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January 18, 2021 | 40 Pages | English | Georgia Dagher
The 2018 Lebanese Parliamentary Elections: What Do the Numbers Say? Bekaa 1 Electoral District: Zahle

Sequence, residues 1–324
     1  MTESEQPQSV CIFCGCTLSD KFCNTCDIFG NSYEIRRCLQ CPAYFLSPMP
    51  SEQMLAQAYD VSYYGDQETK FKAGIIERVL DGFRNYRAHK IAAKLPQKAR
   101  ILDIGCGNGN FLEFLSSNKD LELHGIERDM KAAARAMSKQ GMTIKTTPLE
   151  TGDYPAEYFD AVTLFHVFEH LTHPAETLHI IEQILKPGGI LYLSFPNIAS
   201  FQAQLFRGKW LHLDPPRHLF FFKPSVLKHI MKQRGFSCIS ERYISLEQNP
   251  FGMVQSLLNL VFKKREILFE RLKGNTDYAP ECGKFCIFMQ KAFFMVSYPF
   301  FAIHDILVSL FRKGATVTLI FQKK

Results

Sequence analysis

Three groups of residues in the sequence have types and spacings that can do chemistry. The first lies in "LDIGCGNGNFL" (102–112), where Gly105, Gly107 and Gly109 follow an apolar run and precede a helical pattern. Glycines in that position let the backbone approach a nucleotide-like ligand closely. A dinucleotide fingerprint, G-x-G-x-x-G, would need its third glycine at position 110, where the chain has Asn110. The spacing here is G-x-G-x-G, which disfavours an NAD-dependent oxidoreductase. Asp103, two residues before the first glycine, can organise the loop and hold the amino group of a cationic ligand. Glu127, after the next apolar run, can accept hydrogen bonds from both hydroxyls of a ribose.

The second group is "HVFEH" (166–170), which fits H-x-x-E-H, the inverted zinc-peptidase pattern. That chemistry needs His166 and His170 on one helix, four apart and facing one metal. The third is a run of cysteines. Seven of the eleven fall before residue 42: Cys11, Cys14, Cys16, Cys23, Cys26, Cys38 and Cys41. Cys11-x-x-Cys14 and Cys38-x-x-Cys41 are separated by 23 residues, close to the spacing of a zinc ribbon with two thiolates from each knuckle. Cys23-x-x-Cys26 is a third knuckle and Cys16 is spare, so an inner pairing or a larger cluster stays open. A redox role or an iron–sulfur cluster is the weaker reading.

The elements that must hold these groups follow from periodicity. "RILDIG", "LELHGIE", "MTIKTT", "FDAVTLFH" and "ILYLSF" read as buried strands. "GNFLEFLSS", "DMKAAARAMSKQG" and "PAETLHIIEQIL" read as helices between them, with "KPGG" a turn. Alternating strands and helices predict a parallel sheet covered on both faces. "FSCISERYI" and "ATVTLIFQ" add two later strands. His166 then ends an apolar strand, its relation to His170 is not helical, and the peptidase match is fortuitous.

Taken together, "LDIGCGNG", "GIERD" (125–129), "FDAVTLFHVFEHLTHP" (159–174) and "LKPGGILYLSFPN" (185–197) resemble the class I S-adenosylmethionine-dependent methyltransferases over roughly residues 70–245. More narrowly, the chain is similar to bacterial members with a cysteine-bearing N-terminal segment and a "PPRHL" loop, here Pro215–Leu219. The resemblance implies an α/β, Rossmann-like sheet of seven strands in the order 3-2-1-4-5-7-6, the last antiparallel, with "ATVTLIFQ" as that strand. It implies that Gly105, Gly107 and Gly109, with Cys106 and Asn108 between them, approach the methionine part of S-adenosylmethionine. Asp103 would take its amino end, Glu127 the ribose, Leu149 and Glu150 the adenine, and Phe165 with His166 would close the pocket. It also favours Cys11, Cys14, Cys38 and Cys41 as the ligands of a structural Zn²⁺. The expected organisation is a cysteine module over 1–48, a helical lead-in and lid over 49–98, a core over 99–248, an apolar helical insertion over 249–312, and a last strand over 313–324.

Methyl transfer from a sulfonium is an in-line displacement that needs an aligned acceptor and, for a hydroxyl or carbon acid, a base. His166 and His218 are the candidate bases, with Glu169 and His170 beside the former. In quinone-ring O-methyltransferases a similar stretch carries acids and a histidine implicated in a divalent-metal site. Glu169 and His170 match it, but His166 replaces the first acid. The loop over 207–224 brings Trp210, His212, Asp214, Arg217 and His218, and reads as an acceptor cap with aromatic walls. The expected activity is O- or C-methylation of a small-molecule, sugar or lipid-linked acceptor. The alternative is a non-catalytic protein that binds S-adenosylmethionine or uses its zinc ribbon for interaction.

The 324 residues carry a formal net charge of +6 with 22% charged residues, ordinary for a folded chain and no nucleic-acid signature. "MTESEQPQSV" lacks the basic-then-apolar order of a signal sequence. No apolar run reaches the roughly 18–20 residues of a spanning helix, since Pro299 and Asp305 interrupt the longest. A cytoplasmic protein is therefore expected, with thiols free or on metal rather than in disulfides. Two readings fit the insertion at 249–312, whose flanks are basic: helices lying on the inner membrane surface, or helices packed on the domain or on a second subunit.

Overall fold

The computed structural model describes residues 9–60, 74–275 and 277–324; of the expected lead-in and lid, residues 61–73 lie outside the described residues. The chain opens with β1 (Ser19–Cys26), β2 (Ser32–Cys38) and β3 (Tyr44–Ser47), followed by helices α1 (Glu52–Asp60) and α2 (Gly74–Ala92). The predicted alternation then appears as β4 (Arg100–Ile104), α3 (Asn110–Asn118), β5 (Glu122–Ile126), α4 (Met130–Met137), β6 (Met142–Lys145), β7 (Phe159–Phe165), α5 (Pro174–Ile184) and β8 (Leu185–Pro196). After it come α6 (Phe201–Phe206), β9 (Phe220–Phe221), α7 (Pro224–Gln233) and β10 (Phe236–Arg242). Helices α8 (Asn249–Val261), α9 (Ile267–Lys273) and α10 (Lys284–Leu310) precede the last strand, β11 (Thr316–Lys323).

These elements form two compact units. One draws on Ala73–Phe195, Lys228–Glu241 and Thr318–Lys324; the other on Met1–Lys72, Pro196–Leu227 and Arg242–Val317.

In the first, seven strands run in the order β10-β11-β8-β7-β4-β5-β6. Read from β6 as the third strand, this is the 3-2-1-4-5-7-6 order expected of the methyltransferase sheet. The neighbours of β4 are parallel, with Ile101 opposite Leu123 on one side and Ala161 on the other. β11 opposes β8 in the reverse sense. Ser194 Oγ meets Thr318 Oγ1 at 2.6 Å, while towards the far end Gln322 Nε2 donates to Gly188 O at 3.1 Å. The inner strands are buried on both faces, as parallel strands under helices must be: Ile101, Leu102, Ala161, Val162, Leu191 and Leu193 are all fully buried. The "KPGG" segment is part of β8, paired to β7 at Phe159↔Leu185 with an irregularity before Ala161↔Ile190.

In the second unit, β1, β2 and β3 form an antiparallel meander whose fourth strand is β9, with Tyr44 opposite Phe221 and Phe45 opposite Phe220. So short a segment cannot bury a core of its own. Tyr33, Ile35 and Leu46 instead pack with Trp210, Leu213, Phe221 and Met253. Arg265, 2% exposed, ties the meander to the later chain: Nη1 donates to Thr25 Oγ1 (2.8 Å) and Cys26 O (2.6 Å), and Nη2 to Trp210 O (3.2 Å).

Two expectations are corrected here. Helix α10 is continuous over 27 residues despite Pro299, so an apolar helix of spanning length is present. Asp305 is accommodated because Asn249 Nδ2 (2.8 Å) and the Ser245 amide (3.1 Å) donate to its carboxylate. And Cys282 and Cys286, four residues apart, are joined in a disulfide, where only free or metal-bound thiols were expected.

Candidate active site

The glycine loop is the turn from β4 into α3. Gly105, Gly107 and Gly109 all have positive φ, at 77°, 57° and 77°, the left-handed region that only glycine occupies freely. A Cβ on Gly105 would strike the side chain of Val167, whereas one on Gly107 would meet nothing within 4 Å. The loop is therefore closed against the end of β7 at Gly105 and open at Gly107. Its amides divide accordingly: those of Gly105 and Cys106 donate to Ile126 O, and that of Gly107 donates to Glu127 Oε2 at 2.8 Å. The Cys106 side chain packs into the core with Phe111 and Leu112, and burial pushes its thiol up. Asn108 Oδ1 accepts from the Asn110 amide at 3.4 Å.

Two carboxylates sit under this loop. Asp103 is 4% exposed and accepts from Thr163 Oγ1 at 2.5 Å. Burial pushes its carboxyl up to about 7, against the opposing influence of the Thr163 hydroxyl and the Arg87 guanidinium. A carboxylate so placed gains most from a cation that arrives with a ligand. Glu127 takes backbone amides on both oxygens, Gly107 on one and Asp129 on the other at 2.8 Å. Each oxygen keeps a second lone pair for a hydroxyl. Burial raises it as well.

In the Lebanese parliamentary elections of 2018, the district of Zahle saw a highly competitive race, with candidates from three electoral lists making it to parliament. Each party had its own constituents, with Hezbollah owing its support to the Shia community, the Future Movement to the Sunni community, and the Free Patriotic Movement and the Lebanese Forces to Christian communities. Participation rates in the district were higher than the national average, and varied across confessional groups and gender: Shia voters were the most mobilized, while Armenian voters were the least mobilized, and women were significantly more likely to vote than men. There were large disparities in turnouts across geographical areas among voters from the same sectarian groups, and generally, voters in more homogeneous areas were significantly more likely to vote compared to those in more confessionally fragmented areas. Areas with lower levels of economic development tended to see significantly higher turnout rates, as well. These same factors also affected voters’ preferences for candidates from their same confession. The majority of voters in Zahle cast their preferential vote for a co-sectarian candidate, and while there were variations across confessional groups, voters in areas with higher levels of sectarian homogeneity and those in areas with lower levels of economic development were significantly more likely to cast a sectarian vote. Even those who voted for the independent list Kulluna Watani exhibited a sectarian bias, with each of the candidates performing better among their sectarian community. Apart from this, Kulluna Watani’s results were negatively affected by high turnouts and high levels of sectarian homogeneity, showing that the list’s limited success was partly determined by sectarian parties’ capacity to mobilize voters.

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